Build a Cylon Roomba

Here’s how to make your very own Cylon Roomba. Like the projects in the book, this one doesn’t harm or permanently modify your Roomba. After you’re done playing Cylon with it, you can turn it back into a music box, painter, or even a vacuum cleaner (I hear they do that too). You don’t need the book to do this project, but it might help if you’re not that experienced with electronics and programming.

Hundreds Click on ‘Click Here to Get Infected’ Ad

From eWeek.com:

People will click on anything.

That was evidenced by the 409 people who clicked on an ad that offers infection for those with virus-free PCs. The ad, run by a person who identifies himself as security professional Didier Stevens,…

…Stevens, who says he works for Contraste Europe, a branch of the IT consultancy The Contraste Group, has been running his Google Adwords campaign for six months now and has received 409 hits. Stevens has done similar research in the past, such as finding out how easy it is to land on a drive-by download site when doing a Google search.

In a posting about the drive-by download campaign, Stevens says that he got the idea after picking up a small book on Google Adwords at the library and finding out how easy and cheap it is to set up an ad.

“You can start with a couple of euros per month,” he said. “And that gave me an idea: this can be used with malicious [intent]. It’s a way to get a drive-by download site on the first page of a search.”

Compulsory Sterilization

From Wikipedia:

The first country to concertedly undertake compulsory sterilization programs for the purpose of eugenics was the United States. The principal targets of the American program were the mentally retarded and the mentally ill, but also targeted under many state laws were the deaf, the blind, the epileptic, and the physically deformed. Native Americans were sterilized against their will in many states, often without their knowledge, while they were in a hospital for some other reason (e.g. after giving birth). Some sterilizations also took place in prisons and other penal institutions, targeting criminality, but they were in the relative minority. In the end, over 65,000 individuals were sterilized in 33 states under state compulsory sterilization programs in the United States.[1]

The first state to introduce compulsory sterilization legislation was Michigan, in 1897 but the law failed to garner enough votes by legislators to be adopted. Eight years later Pennsylvania’s state legislators passed a sterilization that was vetoed by the governor. Indiana became the first state to enact sterilization legislation in 1907,[2] followed closely by Washington and California in 1909. Sterilization rates across the country were relatively low (California being the sole exception) until the 1927 Supreme Court case Buck v. Bell which legitimized the forced sterilization of patients at a Virginia home for the mentally retarded. The number of sterilizations performed per year increased until another Supreme Court case, Skinner v. Oklahoma, 1942, complicated the legal situation by ruling against sterilization of criminals if the equal protection clause of the constitution was violated. That is, if sterilization was to be performed, then it could not exempt white collar criminals.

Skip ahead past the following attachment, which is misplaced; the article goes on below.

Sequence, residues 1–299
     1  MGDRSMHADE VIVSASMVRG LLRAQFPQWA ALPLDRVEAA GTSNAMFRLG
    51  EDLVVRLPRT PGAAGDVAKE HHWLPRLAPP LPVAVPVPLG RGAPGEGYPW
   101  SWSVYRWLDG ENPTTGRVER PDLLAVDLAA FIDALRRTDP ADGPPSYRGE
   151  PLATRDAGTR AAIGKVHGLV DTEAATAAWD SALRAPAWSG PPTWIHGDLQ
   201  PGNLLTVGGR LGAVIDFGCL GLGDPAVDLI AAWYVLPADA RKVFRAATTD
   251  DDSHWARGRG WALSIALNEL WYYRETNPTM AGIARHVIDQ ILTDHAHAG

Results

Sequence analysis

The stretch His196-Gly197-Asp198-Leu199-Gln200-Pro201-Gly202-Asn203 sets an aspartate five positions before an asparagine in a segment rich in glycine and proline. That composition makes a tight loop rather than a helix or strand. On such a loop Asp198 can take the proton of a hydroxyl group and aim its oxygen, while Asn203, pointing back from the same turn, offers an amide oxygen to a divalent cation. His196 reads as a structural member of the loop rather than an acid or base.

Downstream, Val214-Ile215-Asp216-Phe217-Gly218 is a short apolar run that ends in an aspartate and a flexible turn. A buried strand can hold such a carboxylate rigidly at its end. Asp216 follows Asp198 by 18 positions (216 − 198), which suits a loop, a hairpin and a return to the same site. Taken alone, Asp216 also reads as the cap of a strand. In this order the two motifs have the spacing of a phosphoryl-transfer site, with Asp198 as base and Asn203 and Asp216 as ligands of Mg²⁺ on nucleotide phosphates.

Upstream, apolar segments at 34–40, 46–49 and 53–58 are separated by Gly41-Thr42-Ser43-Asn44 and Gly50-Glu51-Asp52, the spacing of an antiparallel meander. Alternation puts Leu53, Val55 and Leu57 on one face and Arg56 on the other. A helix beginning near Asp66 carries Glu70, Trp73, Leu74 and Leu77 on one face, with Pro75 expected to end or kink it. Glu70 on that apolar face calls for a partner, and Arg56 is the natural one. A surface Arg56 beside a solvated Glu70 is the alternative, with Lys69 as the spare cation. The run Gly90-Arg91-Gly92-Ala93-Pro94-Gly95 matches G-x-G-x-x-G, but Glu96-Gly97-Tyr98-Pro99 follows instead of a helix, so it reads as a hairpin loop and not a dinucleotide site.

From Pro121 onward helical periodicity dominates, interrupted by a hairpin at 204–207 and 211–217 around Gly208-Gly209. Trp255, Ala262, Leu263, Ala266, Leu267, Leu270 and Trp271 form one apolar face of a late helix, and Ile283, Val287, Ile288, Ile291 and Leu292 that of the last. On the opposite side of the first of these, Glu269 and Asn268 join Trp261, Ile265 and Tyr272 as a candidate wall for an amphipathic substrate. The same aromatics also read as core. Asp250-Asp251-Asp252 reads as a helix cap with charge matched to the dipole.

History of the Term, “White Trash”


A good read that turns fascinating
when it discusses the Supreme Court case Buck v. Bell which dealt with eugenical involuntary sterilization.

The term white trash dates back not to the 1950s but to the 1820s. It arises not in Mississippi or Alabama, but in and around Baltimore, Maryland. And best guess is that it was invented not by whites, but by African Americans. As a term of abuse, white trash was used by blacks—both free and enslaved—to disparage local poor whites. Some of these poor whites would have been newly arrived Irish immigrants, others semiskilled workers drawn to Baltimore and Washington, D.C. in the postrevolutionary building boom, and others still may have been white servants, waged or indentured, working in the homes and estates of area elites. The term registered contempt and disgust, as it does today, and suggests sharp hostilities between social groups who were essentially competing for the same resources—the same jobs, the same opportunities, and even the same marriage partners.

While white trash is likely to have originated in African American slang, it was middle-class and elite whites who found the term most compelling and useful and they who, ultimately, made it part of popular American speech.